This article presents the views of the author(s) and not necessarily those of the ECPR or the Editors of The Loop.


photograph of Alistair Cole
Alistair Cole
Professor of Politics and Head of the Department of Government and International Studies, Hong Kong Baptist University

Alistair has worked for over 35 years in the field of European and comparative politics and governance. This blog entry reflects a longstanding interest in French politics.

Major of the 1980 Government and History promotion at London School of Economics (1st, awarded the Bassett Prize for Political Science), he completed his DPhil at Oxford University in 1986.

He has been full professor in three distinct systems (Cardiff University, UK: 1999–2014; Sciences Po Lyon, France 2015–2019 and Hong Kong Baptist University since August 2019).

He is author or editor of 24 books, 68 articles, and 60+ book chapters.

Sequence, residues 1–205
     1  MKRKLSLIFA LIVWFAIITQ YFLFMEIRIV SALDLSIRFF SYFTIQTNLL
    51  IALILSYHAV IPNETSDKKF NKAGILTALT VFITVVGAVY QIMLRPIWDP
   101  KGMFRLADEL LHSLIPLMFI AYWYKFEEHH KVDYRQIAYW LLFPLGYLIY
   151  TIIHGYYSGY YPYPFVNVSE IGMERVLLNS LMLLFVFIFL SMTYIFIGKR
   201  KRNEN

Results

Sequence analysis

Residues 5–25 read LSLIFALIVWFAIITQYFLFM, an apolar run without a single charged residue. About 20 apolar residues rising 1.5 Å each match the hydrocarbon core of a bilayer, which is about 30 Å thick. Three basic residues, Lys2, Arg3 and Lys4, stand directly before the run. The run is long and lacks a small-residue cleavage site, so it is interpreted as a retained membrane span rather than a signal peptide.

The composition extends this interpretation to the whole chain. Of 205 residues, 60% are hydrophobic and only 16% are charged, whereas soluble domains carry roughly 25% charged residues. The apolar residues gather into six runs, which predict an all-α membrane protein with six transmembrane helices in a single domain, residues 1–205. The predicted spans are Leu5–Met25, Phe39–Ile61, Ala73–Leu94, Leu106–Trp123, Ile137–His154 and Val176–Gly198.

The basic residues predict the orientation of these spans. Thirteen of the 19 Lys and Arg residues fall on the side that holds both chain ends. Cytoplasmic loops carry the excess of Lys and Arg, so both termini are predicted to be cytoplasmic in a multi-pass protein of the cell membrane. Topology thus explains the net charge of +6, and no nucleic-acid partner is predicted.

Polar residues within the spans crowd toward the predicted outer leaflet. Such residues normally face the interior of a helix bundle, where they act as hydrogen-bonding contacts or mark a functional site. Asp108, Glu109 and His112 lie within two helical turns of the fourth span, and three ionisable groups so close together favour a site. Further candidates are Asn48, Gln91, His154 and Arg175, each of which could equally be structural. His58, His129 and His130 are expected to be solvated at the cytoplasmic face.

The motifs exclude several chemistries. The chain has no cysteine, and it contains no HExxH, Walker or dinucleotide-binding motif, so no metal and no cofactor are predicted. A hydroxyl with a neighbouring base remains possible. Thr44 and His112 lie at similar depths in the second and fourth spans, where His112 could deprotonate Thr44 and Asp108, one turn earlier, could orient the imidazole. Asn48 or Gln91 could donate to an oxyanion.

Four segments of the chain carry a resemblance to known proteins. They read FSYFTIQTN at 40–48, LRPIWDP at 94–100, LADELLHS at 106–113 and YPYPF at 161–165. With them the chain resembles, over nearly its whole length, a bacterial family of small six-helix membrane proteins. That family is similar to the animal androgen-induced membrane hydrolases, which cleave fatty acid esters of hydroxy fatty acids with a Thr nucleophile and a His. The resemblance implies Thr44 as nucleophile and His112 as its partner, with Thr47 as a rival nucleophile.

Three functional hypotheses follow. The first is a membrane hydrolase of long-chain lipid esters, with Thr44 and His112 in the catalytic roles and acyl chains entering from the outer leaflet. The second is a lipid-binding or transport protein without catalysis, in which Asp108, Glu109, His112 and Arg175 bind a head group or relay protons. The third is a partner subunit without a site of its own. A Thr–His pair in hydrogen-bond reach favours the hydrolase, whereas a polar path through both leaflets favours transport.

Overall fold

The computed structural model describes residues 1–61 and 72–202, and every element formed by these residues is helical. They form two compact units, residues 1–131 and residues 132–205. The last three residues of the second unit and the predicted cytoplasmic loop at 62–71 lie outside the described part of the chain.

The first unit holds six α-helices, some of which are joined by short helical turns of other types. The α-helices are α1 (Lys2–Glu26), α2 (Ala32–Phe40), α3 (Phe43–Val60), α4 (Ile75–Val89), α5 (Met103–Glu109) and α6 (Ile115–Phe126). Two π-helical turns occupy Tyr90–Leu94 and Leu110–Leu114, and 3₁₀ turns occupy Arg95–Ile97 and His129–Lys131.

Alistair has been awarded several prizes, and has been a fellow of the UK Academy of Social Sciences since 2011.

With Helen Drake, Sophie Meunier and Vincent Tiberj as co-editors, he recently published Developments in French Politics 6 (Macmillan International, 2021).

Alistair is the Author of Emmanuel Macron and the Two Years that Changed France (Manchester: Manchester University Press, 2019)
Emmanuel Macron and the Two Years that Changed France

Follow him on Twitter @cole_alistair

Read more articles by this author

Share Article

Republish Article

We believe in the free flow of information Republish our articles for free, online or in print, under a Creative Commons license.

Creative Commons License


Leave a Reply

Your email address will not be published. Required fields are marked *

The Loop

Cutting-edge analysis showcasing the work of the political science discipline at its best.
Read more
Advancing Political Science
© 2024 European Consortium for Political Research. The ECPR is a charitable incorporated organisation (CIO) number 1167403 ECPR, Harbour House, 6-8 Hythe Quay, Colchester, CO2 8JF, United Kingdom.
linkedin facebook pinterest youtube rss twitter instagram facebook-blank rss-blank linkedin-blank pinterest youtube twitter instagram